- News & comment
Publication date: 1 August 2012
Author: Matt Woodhams, Head of eCommerce, GFI Group Inc.
History has proven that with regulatory change comes changing behaviour, business models, products and services. We have witnessed this in equity markets with MiFID where the sell-side has delivered innovative trading products and services. Market infrastructure participants created new liquidity venues, faster order handling and increased their efforts to create efficiencies in clearing and settlement. Today, the US Dodd-Frank Act is driving the OTC agenda, followed closely by MiFIR in Europe and more broadly in other regulatory jurisdictions.
Given the holistic nature of regulation are there conclusions we can draw other than the most generic hypotheses?
We hear and read a lot about regulation levelling the playing field, opening access, and righting previous wrongs. However, does everyone on the buyside consider themselves peers, or even want to be considered peers?
Can we compartmentalise the buyside demographic in order to draw some conclusions?
At the larger end of the spectrum are the Swap Dealer/Major Swap Participant (MSP) wannabes. In true fashion they have little intention of sitting on the liquidity side-lines. Keen to interact as directly with the market as possible, many are likely to become a new breed of market makers, many employing ex-bank trading staff in search of better deals than those available at regulation-burdened sellside banks. These firms bear many of the hallmarks of traditional sellside firms, are at least as technologically competent, and will likely favour the many-to-many trading protocols such as central limit order books and multilateral auctions for less liquid markets .
We would anticipate that these wholesale entrants will wield ever-greater control over the way in which liquidity interacts, if not individually then most certainly collectively, with the likes of the ‘Boston 15′ group of fund managers acknowledged as having ‘serious clout’. Some may say this is something of a seminal moment for the industry. ‘Tomorrow’ these firms will be entirely within their rights to knock on the door of any trading or clearing venue to seek access and there is nothing anyone can do about it.
While by any volume-based metric this buyside subset will likely represent the lion’s share, they will be relatively few in number. What of the rest, who will likely outnumber the above?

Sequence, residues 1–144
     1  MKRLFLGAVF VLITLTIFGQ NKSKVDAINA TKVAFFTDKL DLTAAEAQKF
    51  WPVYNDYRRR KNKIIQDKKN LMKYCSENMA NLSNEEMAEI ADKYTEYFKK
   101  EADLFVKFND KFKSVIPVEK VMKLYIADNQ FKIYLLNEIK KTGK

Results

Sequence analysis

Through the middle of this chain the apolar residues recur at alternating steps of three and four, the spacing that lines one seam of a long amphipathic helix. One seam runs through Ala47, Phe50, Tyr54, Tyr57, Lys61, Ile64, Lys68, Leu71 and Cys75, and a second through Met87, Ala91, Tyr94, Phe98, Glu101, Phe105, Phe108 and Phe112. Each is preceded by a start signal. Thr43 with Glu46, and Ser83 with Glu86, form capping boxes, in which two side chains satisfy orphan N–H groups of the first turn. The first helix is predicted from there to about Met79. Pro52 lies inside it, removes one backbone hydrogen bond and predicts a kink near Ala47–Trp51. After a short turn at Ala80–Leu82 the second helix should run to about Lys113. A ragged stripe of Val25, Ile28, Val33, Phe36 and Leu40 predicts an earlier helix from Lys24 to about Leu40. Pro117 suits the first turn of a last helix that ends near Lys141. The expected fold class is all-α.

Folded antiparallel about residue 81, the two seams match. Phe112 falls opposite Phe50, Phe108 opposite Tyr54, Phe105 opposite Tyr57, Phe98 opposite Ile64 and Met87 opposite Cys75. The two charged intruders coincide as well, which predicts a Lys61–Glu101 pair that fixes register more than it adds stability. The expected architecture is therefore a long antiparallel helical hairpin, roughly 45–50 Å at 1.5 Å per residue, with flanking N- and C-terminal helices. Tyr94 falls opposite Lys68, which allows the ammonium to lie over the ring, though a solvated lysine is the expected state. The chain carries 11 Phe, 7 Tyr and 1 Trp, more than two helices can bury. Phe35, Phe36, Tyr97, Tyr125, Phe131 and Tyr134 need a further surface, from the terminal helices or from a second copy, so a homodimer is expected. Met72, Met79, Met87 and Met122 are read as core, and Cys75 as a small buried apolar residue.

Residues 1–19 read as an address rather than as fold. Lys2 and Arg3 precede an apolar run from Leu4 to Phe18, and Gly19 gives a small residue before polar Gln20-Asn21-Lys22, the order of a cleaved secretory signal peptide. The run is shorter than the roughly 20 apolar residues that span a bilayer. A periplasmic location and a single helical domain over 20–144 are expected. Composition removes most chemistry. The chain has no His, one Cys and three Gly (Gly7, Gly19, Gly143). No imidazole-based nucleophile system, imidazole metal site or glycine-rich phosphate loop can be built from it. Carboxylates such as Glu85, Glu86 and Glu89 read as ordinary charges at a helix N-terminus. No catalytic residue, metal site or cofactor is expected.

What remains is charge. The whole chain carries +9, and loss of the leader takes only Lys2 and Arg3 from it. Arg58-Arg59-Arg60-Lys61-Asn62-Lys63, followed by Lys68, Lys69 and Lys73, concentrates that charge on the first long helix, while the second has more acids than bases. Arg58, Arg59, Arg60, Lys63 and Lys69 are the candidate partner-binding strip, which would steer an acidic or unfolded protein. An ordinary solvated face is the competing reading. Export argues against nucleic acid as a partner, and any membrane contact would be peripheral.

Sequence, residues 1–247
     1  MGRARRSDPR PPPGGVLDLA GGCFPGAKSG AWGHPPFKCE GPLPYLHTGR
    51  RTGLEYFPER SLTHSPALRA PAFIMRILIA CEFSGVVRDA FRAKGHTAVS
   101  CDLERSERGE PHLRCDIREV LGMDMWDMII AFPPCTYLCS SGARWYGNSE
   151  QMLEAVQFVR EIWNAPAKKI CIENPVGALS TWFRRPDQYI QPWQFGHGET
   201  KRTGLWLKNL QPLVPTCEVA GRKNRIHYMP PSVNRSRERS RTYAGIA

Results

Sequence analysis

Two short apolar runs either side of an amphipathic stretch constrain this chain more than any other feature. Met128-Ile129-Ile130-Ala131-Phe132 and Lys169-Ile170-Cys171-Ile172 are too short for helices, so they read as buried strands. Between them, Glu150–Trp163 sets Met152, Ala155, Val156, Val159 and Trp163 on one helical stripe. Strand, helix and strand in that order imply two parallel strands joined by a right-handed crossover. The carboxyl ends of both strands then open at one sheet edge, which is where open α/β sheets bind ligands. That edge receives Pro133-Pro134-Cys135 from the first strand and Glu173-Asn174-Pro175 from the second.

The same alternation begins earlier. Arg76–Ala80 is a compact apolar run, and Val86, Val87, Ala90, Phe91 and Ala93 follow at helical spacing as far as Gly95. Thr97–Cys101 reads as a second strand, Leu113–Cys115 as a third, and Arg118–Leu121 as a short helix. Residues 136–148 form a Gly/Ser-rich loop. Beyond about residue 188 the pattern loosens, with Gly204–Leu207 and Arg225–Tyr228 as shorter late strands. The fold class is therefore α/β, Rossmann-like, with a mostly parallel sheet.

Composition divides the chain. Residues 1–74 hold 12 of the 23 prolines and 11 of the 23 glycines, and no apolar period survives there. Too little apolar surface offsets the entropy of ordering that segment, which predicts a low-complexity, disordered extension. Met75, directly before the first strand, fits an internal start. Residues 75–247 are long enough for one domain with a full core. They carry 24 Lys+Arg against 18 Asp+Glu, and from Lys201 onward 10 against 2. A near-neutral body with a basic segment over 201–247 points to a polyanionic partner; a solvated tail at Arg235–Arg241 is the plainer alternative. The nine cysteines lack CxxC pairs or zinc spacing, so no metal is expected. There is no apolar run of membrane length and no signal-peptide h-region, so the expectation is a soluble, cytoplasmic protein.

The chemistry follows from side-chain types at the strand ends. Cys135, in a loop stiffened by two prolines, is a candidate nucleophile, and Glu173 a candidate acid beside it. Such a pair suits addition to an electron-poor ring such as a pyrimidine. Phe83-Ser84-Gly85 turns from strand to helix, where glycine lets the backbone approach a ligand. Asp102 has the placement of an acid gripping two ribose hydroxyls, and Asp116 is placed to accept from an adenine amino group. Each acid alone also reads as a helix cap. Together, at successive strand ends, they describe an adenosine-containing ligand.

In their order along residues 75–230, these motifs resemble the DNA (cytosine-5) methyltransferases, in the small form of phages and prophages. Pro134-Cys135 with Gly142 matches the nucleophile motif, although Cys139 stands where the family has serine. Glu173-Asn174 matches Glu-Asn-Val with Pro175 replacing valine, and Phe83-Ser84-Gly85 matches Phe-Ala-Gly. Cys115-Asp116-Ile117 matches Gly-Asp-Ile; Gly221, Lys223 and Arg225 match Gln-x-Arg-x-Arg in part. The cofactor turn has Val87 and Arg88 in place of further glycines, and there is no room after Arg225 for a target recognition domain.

Some of them anticipate to be afforded regulatory exemptions from having to trade on Swap Execution Facilities (SEFs) and clear through Clearing Houses (CCPs) and have been vocal either as individual firms or through trade associations. However, what of the subset sandwiched between ‘new wholesale’ and the exempt? Typically, they currently trade directly with liquidity providers such as banks either through a bank’s salesforce or electronically on single or multidealer platforms. These tend to be a ’ request for quote’ model, RFQ, RFS, RFO, RFM or ultimately a ‘request for something’ approach. The unwelcome conundrum they face is that the regulation is multilateral in nature and direct bank-to-customer trading is not viewed as viable for regulatory mandated products. Yet nor are they inclined to come in and trade on a Central Limit Order Book in an exchange-like fashion. Will there be an inevitable march down the road to multibank platforms for this subset of the buyside? Maybe not; banks have proven track records at building up their franchises and have invested multiples of millions of dollars in portals and trading platforms. On the other hand, customers are often looking for services beyond simply execution and multibank platforms don’t often, if ever, meet these criteria.
An alternative is the ‘agency’ or sponsored access model where an agent or bank sponsors access to the execution venue or SEF either directly, through its salesforce or bank platforms. For some customers, this is likely to be the best of all worlds. For the incumbent sellside unable to act directly in a principle capacity with their customers, ‘at least’ this will create opportunities to provide prime brokerage and client clearing services.
It will be interesting to see how the various business models will adapt to accommodate different types and sizes of buy-side firms. Second tier banks see opportunities to become increasingly important as liquidity providers as they take advantage of sponsored access and emerging agency models. Agency firms will need to compete with the banks to offer additional services. If you offer a model funded by trading commissions alone, how can you serve a tranche of the market which may not trade frequently, but whose liquidity interaction is both viable and valuable? I believe we will see firms try to achieve scale through price competition and product innovation. Also, let’s not forget that in a world where capital requirements and liquidity management is mandated by Basel III, any price competition and service differentiation designed to help clients improve their trading performance will only be welcomed.
For execution venues, the trick will be to migrate liquidity from the old world to the new, while trying to capitalise on new opportunities. Undoubtedly this will have an electronic bias, but ultimately it will be about understanding the customer demographic and providing a choice of relevant solutions rather than simply, and somewhat lazily, a one size fits all solution.
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